Point, Shoot, Smile
The controls are pretty standard and so is the weapons training. There is nothing confusing here – machine guns, pistols, bazookas, EMP weapons, etc. Everything is comfortably familiar. There is a good sound to the fire system, the weapons have variable recoil, but upgrades can improve stability. They sound powerful and act heavy, pleasing stuff. On the battlefield the draw distance for shooting is pretty good, even with standard weapons.
When you leave training, you can choose to join an ‘Open game’ which is just a rolling restart game with whomever joins and the remaining spots made up with AI players. Or you can join a specific 5 man team to take on a set scenario or you can tackle a variety of maps and missions yourself, offline with a team of AI support. There is lots of variety and the AI is of such a good standard that you need never worry about matchmaking to get a game. There are always at least two of these happening at any given time.
All of this seems like a pretty standard Battle Arena game and you’d be right. What sets Eximius apart is that only four of your squad of five play as FPS officers on the battlefield. The fifth man plays the game RTS and from a standard zoomed RTS view of the battle.
Commander and Conqueror
It turns out that what really makes the difference to your team is the Commander. They provide tech upgrades, they can build tanks, different classes of soldiers, they assign a support group of soldiers to you or not and they can drop strategic supply points to enable you to refill ammo and change weapons as you meet different foes. They play Command and Conquer whilst you play Counter Strike and you can talk to each other, ask for things like re-supply, reinforcements or decide attack plans and changes. It is a quite excellent achievement to blend these two game styles seamlessly together and talk/plan across them at the same time.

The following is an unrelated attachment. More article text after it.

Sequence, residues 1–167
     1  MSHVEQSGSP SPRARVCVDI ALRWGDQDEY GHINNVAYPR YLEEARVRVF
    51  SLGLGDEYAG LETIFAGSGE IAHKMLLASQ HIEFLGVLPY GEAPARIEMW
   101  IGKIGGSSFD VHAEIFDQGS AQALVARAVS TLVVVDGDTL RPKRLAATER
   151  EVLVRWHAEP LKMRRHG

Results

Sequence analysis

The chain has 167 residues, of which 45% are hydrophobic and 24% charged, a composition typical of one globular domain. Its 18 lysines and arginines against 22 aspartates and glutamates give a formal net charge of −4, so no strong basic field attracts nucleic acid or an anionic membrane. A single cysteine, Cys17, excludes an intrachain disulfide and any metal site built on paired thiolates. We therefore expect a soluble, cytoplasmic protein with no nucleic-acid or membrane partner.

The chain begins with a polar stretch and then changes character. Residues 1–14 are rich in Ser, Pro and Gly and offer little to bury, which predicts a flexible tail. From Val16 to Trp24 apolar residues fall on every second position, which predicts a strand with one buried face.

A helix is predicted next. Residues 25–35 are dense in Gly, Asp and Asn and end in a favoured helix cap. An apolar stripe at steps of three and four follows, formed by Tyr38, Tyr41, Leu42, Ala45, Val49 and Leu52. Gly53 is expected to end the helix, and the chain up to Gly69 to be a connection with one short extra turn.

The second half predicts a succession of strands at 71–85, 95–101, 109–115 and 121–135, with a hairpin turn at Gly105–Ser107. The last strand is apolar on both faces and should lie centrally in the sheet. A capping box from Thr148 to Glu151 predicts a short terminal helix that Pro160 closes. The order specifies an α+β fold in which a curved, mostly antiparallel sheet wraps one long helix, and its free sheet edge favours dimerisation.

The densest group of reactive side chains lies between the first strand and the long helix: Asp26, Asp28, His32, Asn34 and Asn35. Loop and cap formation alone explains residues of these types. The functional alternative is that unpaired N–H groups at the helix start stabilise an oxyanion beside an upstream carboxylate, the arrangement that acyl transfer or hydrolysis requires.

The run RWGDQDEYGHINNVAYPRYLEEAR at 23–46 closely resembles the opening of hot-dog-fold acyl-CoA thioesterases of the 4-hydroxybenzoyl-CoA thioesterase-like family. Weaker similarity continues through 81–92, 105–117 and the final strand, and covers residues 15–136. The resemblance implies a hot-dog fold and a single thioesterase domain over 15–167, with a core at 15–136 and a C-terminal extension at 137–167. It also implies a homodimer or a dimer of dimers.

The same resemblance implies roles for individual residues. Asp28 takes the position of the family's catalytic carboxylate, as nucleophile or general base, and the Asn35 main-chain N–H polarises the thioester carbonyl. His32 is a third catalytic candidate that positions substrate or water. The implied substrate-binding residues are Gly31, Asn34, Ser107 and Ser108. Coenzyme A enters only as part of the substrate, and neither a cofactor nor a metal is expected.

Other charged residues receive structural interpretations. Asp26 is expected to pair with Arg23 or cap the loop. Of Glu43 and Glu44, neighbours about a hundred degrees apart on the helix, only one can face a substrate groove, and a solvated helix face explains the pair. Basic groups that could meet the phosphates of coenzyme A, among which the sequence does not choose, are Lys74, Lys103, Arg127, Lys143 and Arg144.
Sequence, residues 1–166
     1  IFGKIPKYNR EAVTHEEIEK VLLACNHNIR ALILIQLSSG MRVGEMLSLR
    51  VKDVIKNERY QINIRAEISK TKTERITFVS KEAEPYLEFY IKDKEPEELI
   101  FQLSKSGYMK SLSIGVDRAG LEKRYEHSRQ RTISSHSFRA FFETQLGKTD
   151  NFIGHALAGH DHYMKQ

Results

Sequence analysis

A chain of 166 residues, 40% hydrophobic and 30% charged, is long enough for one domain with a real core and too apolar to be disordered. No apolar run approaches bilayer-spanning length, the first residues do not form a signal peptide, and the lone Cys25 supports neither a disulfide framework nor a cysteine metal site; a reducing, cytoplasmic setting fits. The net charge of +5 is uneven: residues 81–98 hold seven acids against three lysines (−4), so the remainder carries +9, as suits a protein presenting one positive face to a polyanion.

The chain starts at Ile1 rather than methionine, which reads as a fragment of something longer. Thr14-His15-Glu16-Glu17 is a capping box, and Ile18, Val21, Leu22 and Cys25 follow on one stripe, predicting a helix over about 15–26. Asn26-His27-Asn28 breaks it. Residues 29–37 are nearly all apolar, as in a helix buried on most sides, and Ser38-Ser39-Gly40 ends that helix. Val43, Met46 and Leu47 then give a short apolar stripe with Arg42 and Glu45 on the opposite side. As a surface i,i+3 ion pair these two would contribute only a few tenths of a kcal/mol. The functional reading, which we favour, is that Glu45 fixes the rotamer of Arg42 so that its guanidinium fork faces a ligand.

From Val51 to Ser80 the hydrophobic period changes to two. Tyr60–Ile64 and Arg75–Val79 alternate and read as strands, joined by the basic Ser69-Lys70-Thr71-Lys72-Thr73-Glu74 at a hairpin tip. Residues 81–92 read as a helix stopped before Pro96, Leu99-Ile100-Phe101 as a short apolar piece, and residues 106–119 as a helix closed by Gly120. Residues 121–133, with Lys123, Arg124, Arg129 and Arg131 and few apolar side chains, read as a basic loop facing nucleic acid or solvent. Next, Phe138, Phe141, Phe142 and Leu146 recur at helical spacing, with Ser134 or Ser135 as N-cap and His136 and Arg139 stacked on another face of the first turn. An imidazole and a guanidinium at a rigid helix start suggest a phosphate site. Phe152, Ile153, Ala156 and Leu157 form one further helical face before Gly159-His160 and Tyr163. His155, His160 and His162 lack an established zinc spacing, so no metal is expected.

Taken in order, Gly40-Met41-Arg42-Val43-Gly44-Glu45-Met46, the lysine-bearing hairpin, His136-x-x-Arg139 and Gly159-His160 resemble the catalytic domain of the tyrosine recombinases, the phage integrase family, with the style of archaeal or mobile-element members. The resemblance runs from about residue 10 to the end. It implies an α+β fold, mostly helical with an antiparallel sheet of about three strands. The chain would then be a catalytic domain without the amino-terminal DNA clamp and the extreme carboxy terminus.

There is a rare breed of revered heroes called ‘Battle Commanders’ by Eximius community who are players capable of playing the Commander role and capable of jumping into the FPS fight at crucial moments to rectify some part of their grand plan and never losing sight of the overall plan and time in the frontline.
I tried being the Commander once or twice…let’s just say I need practice. I have mostly been playing as an Officer on the battlefield and sometimes my human Commander would provide ammo and weapon upgrade stations for me to use and sometimes they wouldn’t. In one match it became clear that the Commander had his plan and I wasn’t in it, I could die and respawn frequently but there would be no upgrade points for me.
In another we had upgrades and I joined the fray attempting to follow other Officers in direction and battle as support. The Commander rarely attached soldiers to me for support, clearly deeming my contribution unreliable, this was until a crucial point late in the battle when we were losing heavily that I slipped away changed my weapons and crossed to the other side of the arena undetected. I destroyed a tank holding position, protecting a flag point.
The response from my Commander was instant. He held battle back where I had come from and sent me as many reserves as he could from reserves to support what he recognised as a decisive move. We went on to capture several nearby resource points and the enemy were crippled. We lost less than 20 battle points to the enemy teams 300 from this moment on. The post game chat was full of delight and congratulations. These are the moments you play Eximius for.
It isn’t a perfect game, the learning curve is initially steep, but there is a lot of potential in the game for varied styles of combat. More variety of weapons are being added and of course, more skins and customisation. The development team is dedicated, improvements are frequently made and what might be thought of as currently lacking does not detract from the glory of the game.